Bay Area Geodemographics
Tracking change in San Francisco Bay Area Neighborhoods

Hierachical Clustering, complete linkage, 15 clusters, temporal, without less than 1000 inhabitants tracts.


The social landscape of the Bay Area is changing very rapidly. The debate surrounding gentrification in the Bay Area is a cue to how contentious the issue of neighborhood change is. For a long time, the dichotomy between urban and suburban areas was relevant in describing US neighborhoods. City centers were decaying while suburban areas were getting wealthier and, often, whiter. The “white flight” is now over and, today, city centers are getting more and more attractive, when suburban areas are getting more diverse.


Census data helps understand issue-related neighborhood change: race, income, on top of which lies the issue of gentrification. Geodemographics, on the contrary, consists in combining a set of variables to unravel similar types of neighborhoods and patterns of common processes. Geodemographics use statistical methods to holistically calculate clusters of similar neighborhoods. Detecting the variables that influence the most the clustering process allows to describe the types of neighborhood.

Geodemographics have been widely used as a geomarketing tool aiming at targeting neighborhood for commercial purposes (See Harris, Sleight and Weber, 2005). The efforts by Alex Singleton to create a set of Opengeodemographics have brought this methods to the scientific field. Applications in London and the United Kingdom are very well documented. Alex Singleton and Seth Spielman have also applied Geodemographics to the US and proved the viability of using uncertain ACS census data (American Community Survey, based on samples leading to sometimes important margins of errors) to produce a reliable neighborhood classification.

Tracking Neighborhoods Change

This project aims at expanding previous works using geodemographics data in order to track neighborhood change in the Bay Area and to present the results in an interactive way. The clustering method (described below) has been applied to the same set of variables over several years (from 2000 to 2014) to detect change at the Census tract level.

The names used to characterize the clusters are meant to be the most neutral possible but necessarily suffers from the “ecological fallacy” pointed at by Vickers et alii. The inherently geographical dilemma of choosing the right scale used to sum up the features of an areal space (not to big in order to detect a pattern, not too small to catch a neighborhood effect—and to have reliable data) necessarily leads to a reduction of the complexity of a neighborhood. Labels must be thought of as catchy snapshots that are irrelevant without their more detailed description and their respective visual ‘portraits’ (see graphs).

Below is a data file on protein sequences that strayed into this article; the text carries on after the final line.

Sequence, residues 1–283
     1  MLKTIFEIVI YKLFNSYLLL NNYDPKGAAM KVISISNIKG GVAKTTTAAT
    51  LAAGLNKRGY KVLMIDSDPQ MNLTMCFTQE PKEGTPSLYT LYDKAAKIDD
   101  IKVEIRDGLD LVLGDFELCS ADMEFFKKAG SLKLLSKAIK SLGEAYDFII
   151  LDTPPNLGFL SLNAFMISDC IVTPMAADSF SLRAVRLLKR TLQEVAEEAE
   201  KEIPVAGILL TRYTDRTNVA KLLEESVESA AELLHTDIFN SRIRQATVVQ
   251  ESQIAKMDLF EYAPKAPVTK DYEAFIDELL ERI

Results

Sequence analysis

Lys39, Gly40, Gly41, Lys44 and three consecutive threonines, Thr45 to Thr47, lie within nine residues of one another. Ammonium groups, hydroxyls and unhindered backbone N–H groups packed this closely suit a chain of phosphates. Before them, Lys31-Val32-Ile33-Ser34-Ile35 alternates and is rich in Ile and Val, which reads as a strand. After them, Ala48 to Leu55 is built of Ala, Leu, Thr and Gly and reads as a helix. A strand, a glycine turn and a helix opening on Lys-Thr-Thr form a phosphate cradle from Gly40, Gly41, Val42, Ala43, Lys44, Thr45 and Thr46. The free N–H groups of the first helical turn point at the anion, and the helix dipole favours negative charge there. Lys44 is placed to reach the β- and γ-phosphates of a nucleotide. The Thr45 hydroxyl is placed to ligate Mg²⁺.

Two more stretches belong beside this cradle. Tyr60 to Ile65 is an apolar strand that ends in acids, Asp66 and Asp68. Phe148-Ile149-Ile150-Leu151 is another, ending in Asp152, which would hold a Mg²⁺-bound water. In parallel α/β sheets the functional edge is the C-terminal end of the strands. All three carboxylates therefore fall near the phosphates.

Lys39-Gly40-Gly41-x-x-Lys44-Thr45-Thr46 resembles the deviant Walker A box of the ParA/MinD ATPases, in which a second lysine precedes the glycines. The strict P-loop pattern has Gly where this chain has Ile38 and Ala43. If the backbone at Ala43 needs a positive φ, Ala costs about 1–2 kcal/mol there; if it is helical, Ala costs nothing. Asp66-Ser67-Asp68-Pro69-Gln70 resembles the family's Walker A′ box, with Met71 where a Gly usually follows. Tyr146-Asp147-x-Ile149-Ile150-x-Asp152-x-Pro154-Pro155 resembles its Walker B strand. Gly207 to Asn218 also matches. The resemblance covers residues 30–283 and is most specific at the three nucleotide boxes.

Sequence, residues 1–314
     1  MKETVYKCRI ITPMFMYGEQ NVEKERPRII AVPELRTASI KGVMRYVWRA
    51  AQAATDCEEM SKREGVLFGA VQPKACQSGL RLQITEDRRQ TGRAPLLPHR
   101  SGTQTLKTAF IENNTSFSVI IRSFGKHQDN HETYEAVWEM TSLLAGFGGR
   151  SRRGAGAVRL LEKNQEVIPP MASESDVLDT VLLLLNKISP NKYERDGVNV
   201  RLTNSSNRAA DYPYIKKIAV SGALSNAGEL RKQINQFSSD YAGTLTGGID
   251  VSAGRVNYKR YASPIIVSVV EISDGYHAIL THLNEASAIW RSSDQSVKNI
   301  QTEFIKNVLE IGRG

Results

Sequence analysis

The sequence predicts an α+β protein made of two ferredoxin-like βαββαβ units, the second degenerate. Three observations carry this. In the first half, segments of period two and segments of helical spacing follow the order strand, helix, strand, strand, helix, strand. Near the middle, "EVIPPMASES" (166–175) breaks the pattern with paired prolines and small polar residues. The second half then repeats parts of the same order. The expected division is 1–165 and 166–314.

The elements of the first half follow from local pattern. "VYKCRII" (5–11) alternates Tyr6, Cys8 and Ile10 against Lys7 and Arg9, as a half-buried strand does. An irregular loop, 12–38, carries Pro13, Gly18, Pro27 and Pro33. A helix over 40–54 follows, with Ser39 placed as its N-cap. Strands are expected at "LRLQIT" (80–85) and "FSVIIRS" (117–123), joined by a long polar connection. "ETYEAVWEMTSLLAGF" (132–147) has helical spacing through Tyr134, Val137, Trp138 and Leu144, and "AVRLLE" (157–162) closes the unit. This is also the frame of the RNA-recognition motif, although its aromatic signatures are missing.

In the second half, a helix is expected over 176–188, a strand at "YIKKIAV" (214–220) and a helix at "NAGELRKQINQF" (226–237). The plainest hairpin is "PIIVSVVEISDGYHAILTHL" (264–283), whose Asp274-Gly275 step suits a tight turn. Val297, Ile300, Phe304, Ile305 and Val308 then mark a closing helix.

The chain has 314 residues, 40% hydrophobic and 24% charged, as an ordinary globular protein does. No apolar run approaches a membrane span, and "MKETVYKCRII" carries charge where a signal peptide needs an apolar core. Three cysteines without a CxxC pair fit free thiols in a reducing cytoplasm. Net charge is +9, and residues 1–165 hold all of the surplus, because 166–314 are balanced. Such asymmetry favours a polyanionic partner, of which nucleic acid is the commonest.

The set of selected variables is organized in 5 categories covering different aspect of social life: education, family types, population characteristics, type of housing, built environment, economic features.

Out of these raw variables, a bottom-up algorithm is used to create clusters of similar tracts. The used algorithm is called hierarchical clustering and uses the complete linkage feature on an euclidean distance matrix. The algorithm calculates the distance between every tract one with each other on a multifactorial space. Each tract is its own cluster in the beginning. The first cycle agglomerates the two closest tracts to a new cluster. The second cycle agglomerates the two closest clusters and so forth until there is only one cluster left. The dendrogram below graphically displays how each tract gradually agglomerate with its most similar counterpart. The dendrogram is a very convenient tool to decide the number of clusters that produces a meaningful “cut” in the clustering process. The dendrogram here is colored according to the 15 clusters depicted on the map above.

The decision to cut the clustering at 15 relies on the observation of the dendrogram (each cluster is by and large consistent in its size), and also to my empirical understanding of the Bay Area and that of my peers.

To help understanding how tracts that fall within the same clusters are similar, I plotted on a radar chart the distances to the Bay Area mean of each raw variable. The labels and portraits of each cluster have been made out of these visual displays of every categories’ features. Please note that the referential space for the clustering process is that of the Bay Area (therefore the Bay Area mean). Had the same analysis been run on the whole country (same Census tracts level, same variables), the output clusters would have been different (see Spielman and Singleton, 2015). I allowed to use less data than the number recommended by Spielman and Singleton because the Bay Area is populated, used mostly cumulative variables that mitigate the margins of errors, no variable highly subject to huge margins of errors (like native americans).